Laurie Grove, Ph.D.

Associate Professor

laurie grove

Ph.D. Chemistry, University of Wisconsin-Madison (2008)

B.S. Major in Chemistry, Minor in Mathematics, Pennsylvania State University (2003)

Dr. Grove came to Wentworth in 2009. Her academic interests span the fields of chemistry and biology.  As an undergraduate student at Penn State she investigated the reaction mechanism of palladium-catalyzed carbon reduction reactions.  After earning her B.S. in chemistry, she completed a Ph.D. in chemistry, with a specialization in inorganic chemistry, at the University of Wisconsin-Madison.  For her dissertation work, she investigated the reaction mechanism of the metalloenzymes, iron and manganese superoxide dismutase.  Dr. Grove’s technical specialties include absorption spectroscopy, magnetic circular dichroism spectroscopy, resonance Raman spectroscopy, and advanced DFT methods, including coupled quantum mechanics/molecular mechanics calculations. More recently, Dr. Grove has collaborated with the Structural Bioinformatics lab at Boston University to work on projects in protein modelling.

Courses Taught: Engineering Chemistry (Chem 1100), Biochemistry (Chem 3800), and Cellular and Molecular Biology (Biol 1100)

Dr. Grove enjoys working with students on a variety of projects in the fields of chemistry and biochemistry. She welcomes students to work on a project in the field of her own research interests or for students to propose their own projects. Student projects typically involve lab and safety training with the goals of achieving student independence and training in experiment design. Students also participate in weekly research meetings. Their projects culminate in the dissemination of their work, either at the campus, local, or national level. In addition to undergraduate research, Dr. Grove advises the Student Association of Biomedical Sciences.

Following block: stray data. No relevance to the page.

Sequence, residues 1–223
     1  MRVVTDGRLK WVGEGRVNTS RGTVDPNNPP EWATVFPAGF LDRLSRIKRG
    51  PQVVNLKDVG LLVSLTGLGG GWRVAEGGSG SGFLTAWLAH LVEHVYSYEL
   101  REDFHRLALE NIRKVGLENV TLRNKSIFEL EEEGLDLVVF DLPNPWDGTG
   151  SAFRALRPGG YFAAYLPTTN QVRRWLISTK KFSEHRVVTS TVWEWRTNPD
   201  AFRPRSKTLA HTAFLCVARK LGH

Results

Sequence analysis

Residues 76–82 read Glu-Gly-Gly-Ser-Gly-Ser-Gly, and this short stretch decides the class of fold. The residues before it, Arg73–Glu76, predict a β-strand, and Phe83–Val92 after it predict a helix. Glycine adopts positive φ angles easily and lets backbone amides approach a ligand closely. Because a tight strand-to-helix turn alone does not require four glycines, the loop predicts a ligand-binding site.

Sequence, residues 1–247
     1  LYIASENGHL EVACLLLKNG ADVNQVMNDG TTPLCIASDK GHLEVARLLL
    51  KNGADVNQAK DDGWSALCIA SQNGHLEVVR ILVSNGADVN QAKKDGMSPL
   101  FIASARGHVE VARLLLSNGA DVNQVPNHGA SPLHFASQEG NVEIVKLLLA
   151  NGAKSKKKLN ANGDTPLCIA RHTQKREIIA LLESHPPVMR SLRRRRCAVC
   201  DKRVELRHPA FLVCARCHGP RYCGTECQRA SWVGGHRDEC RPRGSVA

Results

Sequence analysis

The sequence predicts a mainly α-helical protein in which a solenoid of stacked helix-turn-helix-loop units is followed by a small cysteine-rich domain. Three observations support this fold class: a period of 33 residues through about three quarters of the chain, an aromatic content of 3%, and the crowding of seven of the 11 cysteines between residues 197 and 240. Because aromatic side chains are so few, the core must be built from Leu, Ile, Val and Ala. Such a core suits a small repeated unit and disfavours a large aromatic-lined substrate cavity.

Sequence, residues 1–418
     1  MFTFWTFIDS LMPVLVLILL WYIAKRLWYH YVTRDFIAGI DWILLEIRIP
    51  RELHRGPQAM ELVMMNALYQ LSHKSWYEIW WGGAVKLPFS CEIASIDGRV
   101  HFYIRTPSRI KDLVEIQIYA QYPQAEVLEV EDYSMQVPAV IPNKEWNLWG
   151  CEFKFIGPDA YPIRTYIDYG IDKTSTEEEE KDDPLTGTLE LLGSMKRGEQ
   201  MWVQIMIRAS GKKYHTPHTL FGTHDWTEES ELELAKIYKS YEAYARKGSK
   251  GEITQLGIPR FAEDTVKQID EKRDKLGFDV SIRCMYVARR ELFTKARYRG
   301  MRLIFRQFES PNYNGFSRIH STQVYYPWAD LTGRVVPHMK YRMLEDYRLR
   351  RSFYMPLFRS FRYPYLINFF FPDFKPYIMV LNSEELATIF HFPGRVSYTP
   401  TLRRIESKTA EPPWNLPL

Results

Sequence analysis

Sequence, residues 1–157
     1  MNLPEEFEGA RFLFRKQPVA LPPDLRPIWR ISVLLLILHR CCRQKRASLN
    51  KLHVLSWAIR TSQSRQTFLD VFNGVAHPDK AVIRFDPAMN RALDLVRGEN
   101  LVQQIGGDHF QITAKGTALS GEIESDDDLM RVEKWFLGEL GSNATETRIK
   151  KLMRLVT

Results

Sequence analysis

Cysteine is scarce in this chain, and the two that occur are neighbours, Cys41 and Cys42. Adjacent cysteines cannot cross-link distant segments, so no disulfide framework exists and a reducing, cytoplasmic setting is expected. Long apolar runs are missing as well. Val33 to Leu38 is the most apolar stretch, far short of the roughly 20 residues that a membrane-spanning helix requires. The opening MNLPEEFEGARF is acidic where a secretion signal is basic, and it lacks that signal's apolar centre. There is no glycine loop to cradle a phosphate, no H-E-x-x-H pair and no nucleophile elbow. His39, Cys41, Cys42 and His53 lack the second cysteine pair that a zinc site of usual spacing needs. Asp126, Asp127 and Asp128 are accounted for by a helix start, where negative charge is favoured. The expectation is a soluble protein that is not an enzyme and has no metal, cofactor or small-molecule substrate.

Dr. Grove has also worked with many students on service learning projects and mentored students pursuing the Certificate in Community Learning ( Her past community partnerships include various science outreach activities in conjunction with Sociedad Latina and working with the Mission Hill Neighborhood Housing Services to develop the first Wentworth Faculty and Staff Service Day.

Select Publications:

  1. Grove, L. E., Vajda, S., Kozakov, D. Computational aspects of FBDD in Fragment-based drug discovery – Lessons and Outlook, Erlanson, D. A. and Jahnke, W., Eds.; Wiley, 2016.
  2. Kozakov, D., Grove, L. E., Hall, D. R., Bohnuud, T., Mottarella, S., Luo, Lingqi, Xia, B. Beglov, D., Vajda, S. The FTMap family of web servers for determining and characterizing ligand binding hot spots of proteins, Nature Protocols, 2015, 10, 733-755.
  3. Grove, L. E., Hall, D. R., Beglov, D. R., Vajda, S., Kozakov, S. FTFlex: Accounting for binding site flexibility to improve fragment-based identification of druggable ‘hot spots,’ Bioinformatics, 2013, 29, 1218-1219.
  4. Grove, L. E., Brunold, T. C. Second Sphere Redox Tuning of the Metal Ion Reduction Potential in Iron and Manganese Superoxide Dismutases, Comments on Inorganic Chemistry 2008, 29, 134-168.
  5. Grove, L. E., Xie, J., Yikilmaz, E., Karapetyan, A., Miller, A.-F., Brunold, T. C. Spectroscopic and Computational Insights into Second-Sphere Amino-Acid Tuning of Substrate Analogue/Active-Site Interactions in Iron(III) Superoxide Dismutase, Inorganic Chemistry 2008, 47, 3993-4004.